Hi-Tech stroke treatment

More patients suspected of having a stroke in Norfolk will have access to faster life-saving treatment.

The Norfolk and Norwich University Hospital is piloting a new project with the East of England Ambulance Service which will let paramedics have a video call with a stroke consultant.

This means the hospital team can identity what kinds of scans, drugs and treatment are needed, and the best place to take a patient.

The advice means patients may not need to sit in the Emergency Department, go straight to a specialist clinic or possibly avoid needing to go to hospital.

It also means tests and scans can be ordered before the patient arrives at hospital.

Dr Kneale Metcalf, consultant stroke physician at NNUH, said: “This innovation is helping to provide patients with access to high level stroke care, wherever they are, ensuring they are then given the appropriate treatment and investigations as quickly as possible. We’re able to pre-alert our CT scanner so patients can be sent straight for a scan and onto the relevant ward. It is therefore also reducing unnecessary transfers to ED and the burden on the ambulance service. Bypassing ED appropriately is better for everyone. It is better for the wait times in ED and the volume of patients in ED that need to be seen.”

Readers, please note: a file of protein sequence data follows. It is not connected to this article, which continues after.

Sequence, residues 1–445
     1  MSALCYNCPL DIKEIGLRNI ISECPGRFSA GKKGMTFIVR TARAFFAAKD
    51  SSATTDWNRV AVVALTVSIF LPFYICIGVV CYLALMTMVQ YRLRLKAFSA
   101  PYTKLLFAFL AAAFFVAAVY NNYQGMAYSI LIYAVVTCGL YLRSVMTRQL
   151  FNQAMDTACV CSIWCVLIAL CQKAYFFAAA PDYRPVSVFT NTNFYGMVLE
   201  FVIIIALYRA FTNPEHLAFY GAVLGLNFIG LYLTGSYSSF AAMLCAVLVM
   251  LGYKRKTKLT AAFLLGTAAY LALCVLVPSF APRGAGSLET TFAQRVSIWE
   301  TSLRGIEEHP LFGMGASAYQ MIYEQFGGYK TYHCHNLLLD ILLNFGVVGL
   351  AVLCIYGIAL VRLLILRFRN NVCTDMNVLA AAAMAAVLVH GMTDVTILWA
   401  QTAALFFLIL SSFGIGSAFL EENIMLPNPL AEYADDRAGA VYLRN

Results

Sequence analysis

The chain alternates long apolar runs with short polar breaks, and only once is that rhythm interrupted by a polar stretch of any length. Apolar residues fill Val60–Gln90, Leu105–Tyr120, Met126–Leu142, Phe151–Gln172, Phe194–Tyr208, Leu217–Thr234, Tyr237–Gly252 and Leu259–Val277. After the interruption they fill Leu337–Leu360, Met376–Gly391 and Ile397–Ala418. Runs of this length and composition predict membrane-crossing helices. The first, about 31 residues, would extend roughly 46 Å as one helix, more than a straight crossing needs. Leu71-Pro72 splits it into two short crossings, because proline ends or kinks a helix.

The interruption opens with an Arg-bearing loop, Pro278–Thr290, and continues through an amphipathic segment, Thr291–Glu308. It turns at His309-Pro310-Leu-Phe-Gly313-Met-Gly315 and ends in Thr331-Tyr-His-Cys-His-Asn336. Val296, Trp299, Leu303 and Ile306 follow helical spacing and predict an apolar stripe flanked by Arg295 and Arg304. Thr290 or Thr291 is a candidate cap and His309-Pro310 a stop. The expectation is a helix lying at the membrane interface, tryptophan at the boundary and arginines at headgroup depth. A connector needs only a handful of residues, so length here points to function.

Dr Rayhaan Rahaman, Consultant Radiologist, added: “The treatment of stroke requires ambulance, stroke and radiology teams to act quickly in co-ordination with each other. Rapid diagnosis and treatment for stroke patients can prevent lifelong disability and we are excited that video assessments and artificial intelligence has the potential to help us achieve this goal.”

The pilot is running across the East of England region between EEAST and six other acute Trusts including the Queen Elizabeth Hospital in King’s Lynn.